The most notable feature of these equipment limits is the "mA per W" manner in which they are pro posed. For a wide variety of harmonic-producing loads, the steady-state (normal operation) harmonic currents are limited by prescribing a certain harmonic current, in mA, for each watt of power rating.
The IEC also provides a specific waveshape for some load types that represents the most distorted cur rent waveform allowed. Equipment covered by such limits include personal computers (power supplies) and single-phase battery charging equipment.
Even though limits exist, problems related to harmonics often arise from single, large "point source" harmonic loads as well as from numerous distributed smaller loads. In these situations, it is necessary to conduct a measurement, modeling, and analysis campaign that is designed to gather data and develop a solution. As previously mentioned, there are many commercially available instruments that can provide harmonic measurement information both at a single "snapshot" in time as well as continuous monitoring over time. How this information is used to develop problem solutions, however, can be a very complex issue.
Computer-assisted harmonic studies generally require significantly more input data than load flow or short circuit studies. Because high frequencies (up to 2-3 kHz) are under consideration, it is important to have mathematically correct equipment models and the data to use in them. Assuming that this data is available, there are a variety of commercially available software tools for actually performing the studies.
Most harmonic studies are performed in the frequency domain using sinusoidal steady-state techniques. (Note that other techniques, including full time-domain simulation, are sometimes used for specific problems.) A power system equivalent circuit is prepared for each frequency to be analyzed (recall that the Fourier series representation of a waveform is based on harmonic terms of known frequencies), and then basic circuit analysis techniques are used to determine voltages and currents of interest at that frequency. Most harmonic producing loads are modeled using a current source at each frequency that the load produces (arc furnaces are sometimes modeled using voltage sources), and network currents and voltages are determined based on these load currents. Recognize that at each frequency, voltage and current solutions are obtained from an equivalent circuit that is valid at that frequency only; the principle of superposition is used to "reconstruct" the Fourier series for any desired quantity in the network from the solutions of multiple equivalent circuits. Depending on the software tool used, the results can be presented in tabular form, spectral form, or as a waveform as shown in Table 1 and Figures 1 and 2, respectively. An example voltage magnitude spectrum obtained from a harmonic study of a distribution primary circuit is shown in FIG. 6.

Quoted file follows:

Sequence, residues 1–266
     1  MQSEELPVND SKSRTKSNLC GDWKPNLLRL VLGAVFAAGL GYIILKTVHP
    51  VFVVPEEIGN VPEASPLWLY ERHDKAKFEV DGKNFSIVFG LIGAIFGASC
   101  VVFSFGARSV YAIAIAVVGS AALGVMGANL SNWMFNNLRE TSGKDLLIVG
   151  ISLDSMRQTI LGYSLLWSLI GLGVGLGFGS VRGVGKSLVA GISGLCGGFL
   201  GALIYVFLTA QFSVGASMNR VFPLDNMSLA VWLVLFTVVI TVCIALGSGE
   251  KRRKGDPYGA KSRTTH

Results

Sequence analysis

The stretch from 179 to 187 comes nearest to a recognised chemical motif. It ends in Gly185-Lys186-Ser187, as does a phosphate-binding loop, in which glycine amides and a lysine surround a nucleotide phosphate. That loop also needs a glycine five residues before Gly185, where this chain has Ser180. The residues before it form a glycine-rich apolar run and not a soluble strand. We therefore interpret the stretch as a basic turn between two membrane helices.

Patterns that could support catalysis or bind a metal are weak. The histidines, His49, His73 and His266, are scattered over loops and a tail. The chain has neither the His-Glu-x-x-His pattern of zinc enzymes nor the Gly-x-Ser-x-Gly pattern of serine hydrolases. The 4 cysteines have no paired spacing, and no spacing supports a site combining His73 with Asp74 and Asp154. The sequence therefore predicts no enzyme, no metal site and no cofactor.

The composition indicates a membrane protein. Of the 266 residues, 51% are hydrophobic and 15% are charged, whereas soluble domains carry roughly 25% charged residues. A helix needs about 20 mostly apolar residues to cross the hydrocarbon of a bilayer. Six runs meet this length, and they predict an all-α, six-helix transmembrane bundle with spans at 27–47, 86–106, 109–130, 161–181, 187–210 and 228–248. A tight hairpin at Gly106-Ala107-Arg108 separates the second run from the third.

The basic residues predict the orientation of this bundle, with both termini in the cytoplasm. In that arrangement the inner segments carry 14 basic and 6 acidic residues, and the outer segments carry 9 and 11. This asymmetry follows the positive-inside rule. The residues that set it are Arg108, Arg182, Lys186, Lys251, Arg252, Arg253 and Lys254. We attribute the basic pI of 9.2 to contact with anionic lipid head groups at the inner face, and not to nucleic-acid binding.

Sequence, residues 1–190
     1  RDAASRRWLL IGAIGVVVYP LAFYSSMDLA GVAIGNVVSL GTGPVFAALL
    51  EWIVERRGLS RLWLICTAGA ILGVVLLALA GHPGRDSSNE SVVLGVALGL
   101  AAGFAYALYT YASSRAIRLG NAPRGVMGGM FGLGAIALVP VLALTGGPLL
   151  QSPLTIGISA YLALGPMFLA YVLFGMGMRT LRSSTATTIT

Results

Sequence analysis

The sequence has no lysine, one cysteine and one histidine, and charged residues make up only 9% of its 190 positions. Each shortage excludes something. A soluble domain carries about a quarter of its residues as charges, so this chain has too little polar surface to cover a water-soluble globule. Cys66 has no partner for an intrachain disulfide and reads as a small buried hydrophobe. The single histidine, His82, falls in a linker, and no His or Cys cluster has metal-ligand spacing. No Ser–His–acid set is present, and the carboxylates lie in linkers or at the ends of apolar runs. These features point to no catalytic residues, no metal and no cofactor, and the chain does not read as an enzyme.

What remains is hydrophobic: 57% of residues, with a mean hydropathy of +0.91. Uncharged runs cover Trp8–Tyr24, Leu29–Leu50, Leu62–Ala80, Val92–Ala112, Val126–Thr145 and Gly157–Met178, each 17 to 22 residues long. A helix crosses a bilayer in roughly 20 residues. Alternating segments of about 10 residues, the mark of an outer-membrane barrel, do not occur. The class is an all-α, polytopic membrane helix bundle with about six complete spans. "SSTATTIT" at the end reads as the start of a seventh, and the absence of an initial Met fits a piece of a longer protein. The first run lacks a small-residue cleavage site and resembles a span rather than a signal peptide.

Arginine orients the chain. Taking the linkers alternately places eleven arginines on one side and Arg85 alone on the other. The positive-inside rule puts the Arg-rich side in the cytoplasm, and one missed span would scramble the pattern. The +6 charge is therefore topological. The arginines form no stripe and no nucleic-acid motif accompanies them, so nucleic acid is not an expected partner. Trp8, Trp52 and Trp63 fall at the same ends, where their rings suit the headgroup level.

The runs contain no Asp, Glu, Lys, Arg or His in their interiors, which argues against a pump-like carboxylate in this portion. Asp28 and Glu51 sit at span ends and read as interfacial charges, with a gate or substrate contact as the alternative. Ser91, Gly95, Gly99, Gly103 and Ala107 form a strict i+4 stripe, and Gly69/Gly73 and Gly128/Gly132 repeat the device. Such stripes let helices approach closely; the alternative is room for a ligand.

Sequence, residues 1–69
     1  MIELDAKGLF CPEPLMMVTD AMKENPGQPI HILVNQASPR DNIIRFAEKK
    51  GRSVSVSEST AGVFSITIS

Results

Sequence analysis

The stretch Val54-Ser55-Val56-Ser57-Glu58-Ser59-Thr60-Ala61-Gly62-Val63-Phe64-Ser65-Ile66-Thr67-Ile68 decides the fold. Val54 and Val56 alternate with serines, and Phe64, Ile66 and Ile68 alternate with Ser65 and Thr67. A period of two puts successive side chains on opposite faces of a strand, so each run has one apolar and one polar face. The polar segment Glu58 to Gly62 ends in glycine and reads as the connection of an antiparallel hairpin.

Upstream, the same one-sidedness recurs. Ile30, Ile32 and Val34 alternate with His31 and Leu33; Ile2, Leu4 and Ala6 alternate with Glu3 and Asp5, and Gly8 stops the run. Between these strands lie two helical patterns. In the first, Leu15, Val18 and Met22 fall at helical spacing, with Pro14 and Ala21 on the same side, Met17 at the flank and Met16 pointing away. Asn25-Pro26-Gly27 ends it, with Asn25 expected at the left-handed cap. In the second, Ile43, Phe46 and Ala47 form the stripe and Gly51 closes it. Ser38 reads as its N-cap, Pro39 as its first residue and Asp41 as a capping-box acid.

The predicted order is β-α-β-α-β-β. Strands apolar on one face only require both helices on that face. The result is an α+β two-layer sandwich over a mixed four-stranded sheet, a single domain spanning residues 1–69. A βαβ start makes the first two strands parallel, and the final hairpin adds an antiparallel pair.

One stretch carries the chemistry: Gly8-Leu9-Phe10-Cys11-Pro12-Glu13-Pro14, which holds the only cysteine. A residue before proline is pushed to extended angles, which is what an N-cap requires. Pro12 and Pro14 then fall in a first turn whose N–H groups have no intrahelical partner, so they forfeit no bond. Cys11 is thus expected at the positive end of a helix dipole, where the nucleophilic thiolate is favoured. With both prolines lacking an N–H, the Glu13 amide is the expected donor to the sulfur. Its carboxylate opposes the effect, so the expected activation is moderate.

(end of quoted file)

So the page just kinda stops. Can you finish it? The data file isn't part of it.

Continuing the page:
Regardless of the presentation format of the results, it is possible to use this type of frequency-domain harmonic analysis procedure to predict the impact of harmonic producing loads at any location in any power system. However, it is often impractical to consider a complete model of a large system, especially when unbalanced conditions must be considered. Of particular importance, however, are the locations of capacitor banks.
When electrically in parallel with network inductive reactance, capacitor banks produce a parallel resonance condition that tends to amplify voltage harmonics for a given current harmonic injection.
When electrically in series with network inductive reactance, capacitor banks produce a series resonance condition that tends to amplify current harmonics for a given voltage distortion. In either case, harmonic levels far in excess of what are expected can be produced. Fortunately, a relatively simple calculation procedure called a frequency scan, can be used to indicate potential resonance problems. FIG. 7 shows an example of a frequency scan conducted on the positive sequence network model of a distribution circuit. Note that the distribution primary included the standard feeder optimization capacitors.